Wednesday 18 March 2020

The Psychology of Huck and Quick Draw

Did Quick Draw McGraw give me a psychological release at age 5?

At that age, I don’t know what I’d want to have been released from, but Bill Hanna and Joe Barbera thought so. At least, that’s what they told the Valley Times from North Hollywood in its issue of May 26, 1960.

Their article (if, indeed, they wrote it themselves) talks about the appeal of the Quick Draw McGraw Show, which is my favourite of all the Hanna-Barbera series. Better still, it gives credit not only to the great writing staff at the time but even some of the animators who worked on the series. George Nicholas and Carlo Vinci are among my favourite early H-B animators along with Mike Lah; Don Patterson is up there, too, for some fine expressions in the earliest Flintstones seasons.

Hanna and Barbera liked to talk about “no time clock” in their earliest interviews. At this point, they weren’t in the building everyone associates with them. They were in much smaller confines which forced some people to work at home. Naturally, there’d be no time clock. I’ll bet you Hanna was watching the footage count, though.

At the risk of being repetitive over the years here, it’d sure be nice if the Quick Draw show—even just the individual cartoons—would be released on a home video format.

Enjoy this bonus post.


Television viewers are darn smart. And, what's more, they're selective as well.
No longer can a television producer foist a tired and trite story with a one-dimensional hero, whose vocabulary consists solely of "Yep" and "Nope" on viewers and hope to capture a large audience for any length of time.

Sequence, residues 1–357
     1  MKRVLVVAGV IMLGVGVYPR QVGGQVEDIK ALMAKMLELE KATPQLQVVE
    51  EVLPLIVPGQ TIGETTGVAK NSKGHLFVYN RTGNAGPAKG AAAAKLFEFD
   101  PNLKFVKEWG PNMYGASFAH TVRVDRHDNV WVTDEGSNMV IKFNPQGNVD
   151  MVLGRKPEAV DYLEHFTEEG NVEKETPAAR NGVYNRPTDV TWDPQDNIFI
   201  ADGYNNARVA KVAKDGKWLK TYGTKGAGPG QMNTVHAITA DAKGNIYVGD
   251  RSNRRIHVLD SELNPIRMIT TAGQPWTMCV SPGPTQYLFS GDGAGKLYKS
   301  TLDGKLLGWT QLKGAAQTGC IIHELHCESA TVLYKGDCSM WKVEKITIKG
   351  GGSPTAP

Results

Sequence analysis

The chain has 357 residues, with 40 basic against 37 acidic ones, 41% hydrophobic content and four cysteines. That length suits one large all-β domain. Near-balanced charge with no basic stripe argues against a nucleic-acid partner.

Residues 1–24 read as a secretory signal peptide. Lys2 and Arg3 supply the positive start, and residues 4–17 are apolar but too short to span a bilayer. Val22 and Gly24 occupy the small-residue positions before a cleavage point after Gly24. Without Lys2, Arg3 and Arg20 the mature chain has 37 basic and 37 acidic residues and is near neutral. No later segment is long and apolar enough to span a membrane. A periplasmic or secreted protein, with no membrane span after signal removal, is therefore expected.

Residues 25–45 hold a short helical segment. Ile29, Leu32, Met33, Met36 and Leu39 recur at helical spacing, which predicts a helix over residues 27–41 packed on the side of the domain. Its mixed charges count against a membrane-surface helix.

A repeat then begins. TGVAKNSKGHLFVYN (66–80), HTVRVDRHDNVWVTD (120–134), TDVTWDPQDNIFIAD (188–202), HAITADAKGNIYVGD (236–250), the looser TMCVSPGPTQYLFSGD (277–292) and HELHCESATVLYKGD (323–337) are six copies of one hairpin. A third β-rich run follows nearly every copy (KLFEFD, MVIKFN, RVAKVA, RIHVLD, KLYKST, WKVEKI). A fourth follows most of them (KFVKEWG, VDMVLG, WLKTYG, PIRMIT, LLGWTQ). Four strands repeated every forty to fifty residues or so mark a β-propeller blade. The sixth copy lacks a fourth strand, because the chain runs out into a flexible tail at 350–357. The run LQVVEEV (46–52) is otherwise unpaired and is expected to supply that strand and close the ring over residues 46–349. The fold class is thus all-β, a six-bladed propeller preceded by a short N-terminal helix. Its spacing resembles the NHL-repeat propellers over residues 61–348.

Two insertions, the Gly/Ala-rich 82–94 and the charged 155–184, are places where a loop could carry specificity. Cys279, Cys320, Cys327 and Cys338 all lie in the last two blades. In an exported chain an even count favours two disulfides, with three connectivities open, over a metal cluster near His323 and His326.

We think the popularity of our shows "Huckleberry Hound," and "Quick Draw McGraw" lies in providing a psychological release for all human beings of all ages. No one ever gets hurt despite clobberings and binding situations our characters encounter. We try to give the audience characters that they can identify with, then follow up with wild antics impossible to duplicate in real life. The adults have all taken to the satire, while the children watch the programs for the face value of the action-packed story.
Quick Draw McGraw, our newest series, appearing on KTTV-TV Channel 11, Tuesdays, at 7:00 p.m., is the combined efforts of our whole staff.
We drew up rough sketches of characters based on three of the most standard TV shows—the western, the private eye, and the family situation comedy.
These sketches were turned over to our writer, Mike Maltese. Mike developed and named the characters and started writing.
Maltese made Quick Draw, the hero of the Western segment, the fastest drawing critter west of Peoria. He is aided by his faithful sidekick. Baba Looey, a fearless little burro with a Cuban accent.
Current Trends Vital
Being in the cartoon field for many years, we know that current trends are vital. The TV private eye show inspired the "Snooper and Blabber" segment of the show. Since most detective shows are a cat and mouse affair, we made Snooper a cat with a voice reminiscent of Archie in Duffy's Tavern, and Blabber, a mouse with undying admiration for his leader, Snooper.
We watched many situation comedy shows and came up with "Augie Doggie and Doggie Daddy," a father and son canine pair, who encounter all the problems of fathers and sons everywhere.
But the big reason for our success, we feel, is our talented staff who brings our shows to life. We have the two most gifted writers in the business, Warren Foster and Mike Maltese, along with the two best story directors in the industry, Alex Lovy and Dan Gordon.
Ken Muse, Lew Marshall, Carlo Vinci, Dick Lundy, Don Patterson and George Nicholas are a few of our great animators who gave life to our characters. Coordination, which can be difficult with so large a staff, is actually a simple matter; there are no vague memos, no closed doors, no time clock. Everyone knows his job and does it.
TV animation is much more than pen and ink. It's a lot of talent—organized and hard working.